Poor lads latched onto this idea in the 50s and early 60s when it was fairly easy to find old Norton featherbed roadster chassis with either low-powered twin or single engines, or no engine at all from a breaker, and 50s Triumph twin engines that could be had for a reasonable sum to install in them making a very good handling motorcycle with good power.

I would say the most authentic Triton would be a 50s wideline with a early to mid-50s Triumph twin engine in it, a Thunderbird, t100 or t110.

The Bonneville twin carb engine and the Dominator 650 and 750 were not available to the working-class poor second hand until well into the 60s. Lucky rockers in the 1958-1963 period who had a decent job or supportive parents might have gotten their hands on a Clubman Goldie, Bonneville or new twin-carb Dominator, at which there would be little need or point in scrounging around for old parts to build a Triton.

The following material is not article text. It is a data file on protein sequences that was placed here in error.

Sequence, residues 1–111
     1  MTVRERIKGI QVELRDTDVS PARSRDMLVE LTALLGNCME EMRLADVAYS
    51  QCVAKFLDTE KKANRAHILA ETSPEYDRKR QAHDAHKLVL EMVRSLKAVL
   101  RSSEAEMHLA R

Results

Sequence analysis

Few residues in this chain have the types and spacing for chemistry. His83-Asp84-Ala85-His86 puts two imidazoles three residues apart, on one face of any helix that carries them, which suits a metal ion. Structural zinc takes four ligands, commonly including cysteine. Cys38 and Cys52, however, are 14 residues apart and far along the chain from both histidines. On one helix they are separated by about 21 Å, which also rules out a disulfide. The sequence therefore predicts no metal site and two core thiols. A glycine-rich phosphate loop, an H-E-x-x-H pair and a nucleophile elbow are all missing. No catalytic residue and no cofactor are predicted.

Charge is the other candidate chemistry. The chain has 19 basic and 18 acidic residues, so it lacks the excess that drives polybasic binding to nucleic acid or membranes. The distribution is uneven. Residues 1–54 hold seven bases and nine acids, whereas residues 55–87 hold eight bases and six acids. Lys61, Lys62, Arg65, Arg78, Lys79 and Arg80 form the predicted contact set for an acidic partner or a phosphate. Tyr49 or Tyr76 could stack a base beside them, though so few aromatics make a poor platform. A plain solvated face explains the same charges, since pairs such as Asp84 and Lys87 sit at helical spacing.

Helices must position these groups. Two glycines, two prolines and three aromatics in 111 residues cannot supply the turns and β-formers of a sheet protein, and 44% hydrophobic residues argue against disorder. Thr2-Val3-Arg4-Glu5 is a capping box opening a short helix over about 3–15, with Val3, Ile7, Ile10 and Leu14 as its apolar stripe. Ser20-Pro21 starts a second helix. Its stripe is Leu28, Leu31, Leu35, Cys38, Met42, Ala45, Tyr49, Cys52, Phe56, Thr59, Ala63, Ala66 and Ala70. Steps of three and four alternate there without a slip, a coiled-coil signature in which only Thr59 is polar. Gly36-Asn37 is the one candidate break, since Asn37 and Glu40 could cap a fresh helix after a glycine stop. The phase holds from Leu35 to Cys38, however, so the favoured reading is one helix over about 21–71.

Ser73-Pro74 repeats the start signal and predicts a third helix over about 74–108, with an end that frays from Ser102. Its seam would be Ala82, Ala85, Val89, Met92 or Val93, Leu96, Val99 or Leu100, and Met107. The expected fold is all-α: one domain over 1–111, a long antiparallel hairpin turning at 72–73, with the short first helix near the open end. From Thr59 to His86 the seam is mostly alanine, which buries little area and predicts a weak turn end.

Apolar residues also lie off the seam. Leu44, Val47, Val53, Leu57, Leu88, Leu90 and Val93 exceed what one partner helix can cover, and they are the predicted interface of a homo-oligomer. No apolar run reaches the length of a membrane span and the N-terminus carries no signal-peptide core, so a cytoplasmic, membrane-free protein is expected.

The Tritons were there in the 50s though inspiring youngsters with their low price and ability to match speed with a lot of new machinery or even racing bikes, so they had a lot of credibility, no one had to hang their head low if they had any sort of Triton bolted together.

During the mid-late 1960s the cafe scene began to turn more from being young guys interested in fast motorcycles and fast riding into a fashion movement. Since this neo-cafe population is mainly concerned with style, they pursue not what actually was, but an ideal they created by taking the most extreme and exotic bits of actual rocker history and turning them into must-have fashion accessories. So they think that the more shit they can hang off thier leather jacket, the more tattoos they can slather on their skin, and the more rare and exotic bits they can bolt together into a bike, gives them more credibility or posing power at whatever venue they decide to display themselves, a bike night or internet forum.

This is why you see neo-cafe people talking about and pursuing a Triton with a Manx chassis and a t120 Bonny engine, and some huge ridiculous 4ls front brake that even a GP star could not get their hands on until the mid-60s or later, combinations of parts that were not probably or even possible in the 50s or 60s.